Haghpat Monastery, Armenia
One of the most ancient sights of Lori, Haghpat Monastery was built in the 10th through 13th centuries. Haghpat Monastery was once one of the largest centres of science, with a rich collection of manuscripts. It had premises for copying library manuscripts, plus cafeterias and universities. Of all the structures only the main church of St. Nishan (967-991) with sculptural images on the outside and frescos (13th-14th centuries) inside, St. Gregory Church (1005), the small dome church of St. Astvatsatsin (12th-13th centuries), the 13th-century cafeteria, the 13th-century book depository, the belfry (1245), and khachkars have survived.
All structures were made from stones in accordance with the strict rules of temple architecture. Small niches were made so that the stones fit together like puzzle pieces, which helped keep the churches standing during an earthquake (though earthquakes have still caused major damage). Small architectural details, like triangles around the cupolas in the center of buildings and some remaining faint frescoes, are the main decoration. Overall, the spare beauty was meant to keep the monks from getting distracted, and to keep the focus on God. Even the location of the monastery, only halfway up the hill rather than at the top, was a gesture of humility.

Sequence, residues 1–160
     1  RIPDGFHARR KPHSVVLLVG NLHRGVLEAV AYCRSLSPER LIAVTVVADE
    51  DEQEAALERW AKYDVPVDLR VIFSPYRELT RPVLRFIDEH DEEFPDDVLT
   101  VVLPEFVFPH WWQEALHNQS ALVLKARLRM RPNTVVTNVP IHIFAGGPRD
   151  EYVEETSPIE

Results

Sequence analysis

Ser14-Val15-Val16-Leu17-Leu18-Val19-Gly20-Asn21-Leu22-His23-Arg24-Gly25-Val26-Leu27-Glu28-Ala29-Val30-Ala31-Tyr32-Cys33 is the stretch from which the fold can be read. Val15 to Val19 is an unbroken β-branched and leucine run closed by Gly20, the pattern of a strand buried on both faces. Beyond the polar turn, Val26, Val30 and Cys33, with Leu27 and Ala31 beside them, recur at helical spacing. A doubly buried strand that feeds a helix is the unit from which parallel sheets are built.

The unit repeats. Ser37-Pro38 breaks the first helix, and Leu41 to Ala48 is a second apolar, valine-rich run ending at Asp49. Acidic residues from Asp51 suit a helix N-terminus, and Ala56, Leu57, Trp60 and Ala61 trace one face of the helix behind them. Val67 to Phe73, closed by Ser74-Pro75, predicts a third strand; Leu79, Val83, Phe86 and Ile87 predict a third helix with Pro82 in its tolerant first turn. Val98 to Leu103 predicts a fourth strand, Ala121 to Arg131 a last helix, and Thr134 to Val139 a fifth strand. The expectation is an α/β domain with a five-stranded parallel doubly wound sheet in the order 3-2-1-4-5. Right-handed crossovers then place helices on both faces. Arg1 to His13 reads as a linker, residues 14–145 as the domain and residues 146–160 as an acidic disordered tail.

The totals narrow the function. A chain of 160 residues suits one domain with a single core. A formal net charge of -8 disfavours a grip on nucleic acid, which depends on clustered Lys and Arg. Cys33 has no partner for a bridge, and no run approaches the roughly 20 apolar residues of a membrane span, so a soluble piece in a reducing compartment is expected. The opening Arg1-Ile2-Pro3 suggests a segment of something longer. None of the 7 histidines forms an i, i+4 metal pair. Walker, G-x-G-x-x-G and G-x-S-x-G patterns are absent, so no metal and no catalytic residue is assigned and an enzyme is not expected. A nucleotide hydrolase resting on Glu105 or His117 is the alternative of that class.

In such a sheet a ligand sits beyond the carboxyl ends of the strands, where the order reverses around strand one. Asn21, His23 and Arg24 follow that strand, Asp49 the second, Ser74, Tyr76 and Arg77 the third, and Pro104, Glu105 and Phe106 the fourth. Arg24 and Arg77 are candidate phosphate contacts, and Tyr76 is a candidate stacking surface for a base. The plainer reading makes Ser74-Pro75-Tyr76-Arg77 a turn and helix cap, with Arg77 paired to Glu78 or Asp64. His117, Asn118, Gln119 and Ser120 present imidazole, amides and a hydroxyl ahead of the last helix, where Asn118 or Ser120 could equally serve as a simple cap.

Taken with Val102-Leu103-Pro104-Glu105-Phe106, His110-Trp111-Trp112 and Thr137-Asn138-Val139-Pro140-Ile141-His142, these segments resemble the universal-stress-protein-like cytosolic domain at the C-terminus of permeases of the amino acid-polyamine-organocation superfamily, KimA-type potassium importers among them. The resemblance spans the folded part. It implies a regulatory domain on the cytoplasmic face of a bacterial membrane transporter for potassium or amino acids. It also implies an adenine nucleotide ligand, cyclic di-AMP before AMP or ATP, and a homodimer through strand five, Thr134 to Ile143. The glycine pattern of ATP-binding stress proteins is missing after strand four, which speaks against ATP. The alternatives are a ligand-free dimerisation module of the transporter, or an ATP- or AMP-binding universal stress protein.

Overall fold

The book depository was used to store manuscripts and texts until the 13th century, when Mongol armies started threatening Armenia. The texts were moved to seven caves, though only three caves with their texts have been rediscovered. Even after invading armies had passed, the monks at Haghpat were reluctant to bring the treasured texts back into plain view. Instead, the cool and dark book depository (built to perfectly preserve delicate vellum) was turned into a food storage area, with holes dug into the floor and lined with ceramic pots. As for eating at the monastery, there was a large cafeteria that could hold 150 monks. The 13th-century interior is original, and features large grindstones that were used to grind grain to make flour.
One of the handful of Armenian khachkars to feature Jesus Christ is on display at Haghpat Monastery. The relatively soft stone allowed for detailed carving, and once finished, the khachkar was dyed a brilliant red, using a dye made from crushed insects.
Haghpat Monastery was a large scientific center, with a rich collection of manuscripts, plus places for copying and studying. Monks could study medicine, astronomy, music, literature, and more at Haghpat. Haghpat is now under UNESCO protection as a World Heritage Site.